Waste collection in Exeter - some good operational research

There is a Youtube video of how the city of Exeter (here in Devon) is using data collection as part of a suite of tools to monitor and manage the collection of waste in Exeter.  Waste collection is a classic example of a problem of stochastic vehicle routing and scheduling, and there are numerous papers in the O.R. literature about how to solve some of those problems.  (Not all the models are realistic; some are simply theoretical, adding new twists to earlier theoretical models!) The video does not go into great detail (shame!) but shows how there is technology in the vehicles to record information relating to each collection that has been missed or refused.  This is coupled with a display in the council office showing progress of the vehicle around the streets.  The commentary reports cost savings due to doing things better ("science of better" anyone?) and suggests how the GPS technology is being extended to other matters for which accurate spatial location is very important.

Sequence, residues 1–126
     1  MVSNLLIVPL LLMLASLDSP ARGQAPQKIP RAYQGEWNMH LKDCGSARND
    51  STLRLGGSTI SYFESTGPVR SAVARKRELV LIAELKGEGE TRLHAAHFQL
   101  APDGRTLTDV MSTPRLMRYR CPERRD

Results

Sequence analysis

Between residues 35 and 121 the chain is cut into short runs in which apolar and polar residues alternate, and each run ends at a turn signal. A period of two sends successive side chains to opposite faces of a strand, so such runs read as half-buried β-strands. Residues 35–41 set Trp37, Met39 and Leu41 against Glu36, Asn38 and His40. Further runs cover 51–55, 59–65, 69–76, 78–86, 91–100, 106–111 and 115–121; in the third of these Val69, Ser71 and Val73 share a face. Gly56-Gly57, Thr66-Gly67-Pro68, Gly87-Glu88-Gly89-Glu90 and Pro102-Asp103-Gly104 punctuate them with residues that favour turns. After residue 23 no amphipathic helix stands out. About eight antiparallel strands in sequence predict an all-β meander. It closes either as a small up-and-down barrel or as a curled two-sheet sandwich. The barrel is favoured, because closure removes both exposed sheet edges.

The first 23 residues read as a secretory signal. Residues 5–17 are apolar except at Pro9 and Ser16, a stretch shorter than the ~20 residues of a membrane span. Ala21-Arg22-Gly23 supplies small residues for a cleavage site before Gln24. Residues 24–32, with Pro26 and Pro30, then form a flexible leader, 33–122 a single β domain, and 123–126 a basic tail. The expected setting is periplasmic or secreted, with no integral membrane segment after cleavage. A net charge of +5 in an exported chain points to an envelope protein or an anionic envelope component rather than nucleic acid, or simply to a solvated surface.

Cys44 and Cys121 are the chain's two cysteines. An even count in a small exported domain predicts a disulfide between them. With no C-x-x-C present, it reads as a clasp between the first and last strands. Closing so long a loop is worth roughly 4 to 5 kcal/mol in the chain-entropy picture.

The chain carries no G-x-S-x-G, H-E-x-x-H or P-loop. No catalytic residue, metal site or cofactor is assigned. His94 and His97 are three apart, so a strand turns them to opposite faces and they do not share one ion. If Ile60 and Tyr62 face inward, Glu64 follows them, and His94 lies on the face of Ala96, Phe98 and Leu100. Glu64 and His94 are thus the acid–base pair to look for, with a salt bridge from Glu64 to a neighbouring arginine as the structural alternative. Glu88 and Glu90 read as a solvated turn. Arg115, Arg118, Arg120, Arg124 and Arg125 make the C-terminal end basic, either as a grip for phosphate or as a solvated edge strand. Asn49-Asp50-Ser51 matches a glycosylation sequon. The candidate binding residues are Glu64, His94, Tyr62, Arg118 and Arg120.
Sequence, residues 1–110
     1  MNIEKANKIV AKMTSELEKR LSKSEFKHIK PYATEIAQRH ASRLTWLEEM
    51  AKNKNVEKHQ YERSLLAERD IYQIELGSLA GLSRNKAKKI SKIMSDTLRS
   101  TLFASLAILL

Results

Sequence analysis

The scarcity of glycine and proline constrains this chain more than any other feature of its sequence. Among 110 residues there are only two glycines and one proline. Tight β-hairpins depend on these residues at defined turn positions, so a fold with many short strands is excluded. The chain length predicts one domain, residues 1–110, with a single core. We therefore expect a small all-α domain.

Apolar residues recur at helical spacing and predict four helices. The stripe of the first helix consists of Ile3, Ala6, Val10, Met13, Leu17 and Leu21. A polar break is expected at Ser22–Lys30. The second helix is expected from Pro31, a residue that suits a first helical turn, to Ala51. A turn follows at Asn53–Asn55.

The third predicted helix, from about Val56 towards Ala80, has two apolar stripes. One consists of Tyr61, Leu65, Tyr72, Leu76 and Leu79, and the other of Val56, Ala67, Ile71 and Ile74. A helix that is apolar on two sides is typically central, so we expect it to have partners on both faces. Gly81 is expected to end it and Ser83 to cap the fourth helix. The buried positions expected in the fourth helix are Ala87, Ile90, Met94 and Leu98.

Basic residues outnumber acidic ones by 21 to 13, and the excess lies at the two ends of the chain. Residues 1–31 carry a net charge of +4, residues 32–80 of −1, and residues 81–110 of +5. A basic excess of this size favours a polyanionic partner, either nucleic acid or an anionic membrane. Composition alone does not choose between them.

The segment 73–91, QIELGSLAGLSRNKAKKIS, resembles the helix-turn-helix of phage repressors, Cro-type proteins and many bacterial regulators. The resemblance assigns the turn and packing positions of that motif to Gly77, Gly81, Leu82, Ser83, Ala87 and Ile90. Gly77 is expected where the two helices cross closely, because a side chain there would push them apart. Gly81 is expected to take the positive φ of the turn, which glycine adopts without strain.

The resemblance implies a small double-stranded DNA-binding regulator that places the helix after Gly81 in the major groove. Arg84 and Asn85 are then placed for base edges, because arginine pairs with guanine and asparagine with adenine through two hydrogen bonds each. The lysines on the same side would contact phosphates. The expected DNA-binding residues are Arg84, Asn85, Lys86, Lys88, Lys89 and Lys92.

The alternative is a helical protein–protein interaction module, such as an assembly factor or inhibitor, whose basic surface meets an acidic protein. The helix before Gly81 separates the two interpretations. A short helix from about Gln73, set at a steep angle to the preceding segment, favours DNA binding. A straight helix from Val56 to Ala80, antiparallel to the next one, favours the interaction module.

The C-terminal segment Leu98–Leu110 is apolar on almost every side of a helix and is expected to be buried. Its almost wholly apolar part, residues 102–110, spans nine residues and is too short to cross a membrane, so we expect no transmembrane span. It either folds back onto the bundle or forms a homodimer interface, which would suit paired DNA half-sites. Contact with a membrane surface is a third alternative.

The video is obviously a promotional video to encourage the use of GPS for data collection and recording in local authorities and service industries, but behind the scenes is some very good O.R. work (probably not called that) relating to the routing and scheduling of a fleet, and some serious questions about quality of data and whether some data are really needed. 

There were a number of times during my academic career when I listened to a research paper at a conference, and really wanted to ask the presenter what "real" data they had used in their models.  Next time you are tempted to write a theoretical paper about vehicle routing, have a look at this to get a feel for some practical features of everyday life in the world of refuse collection.


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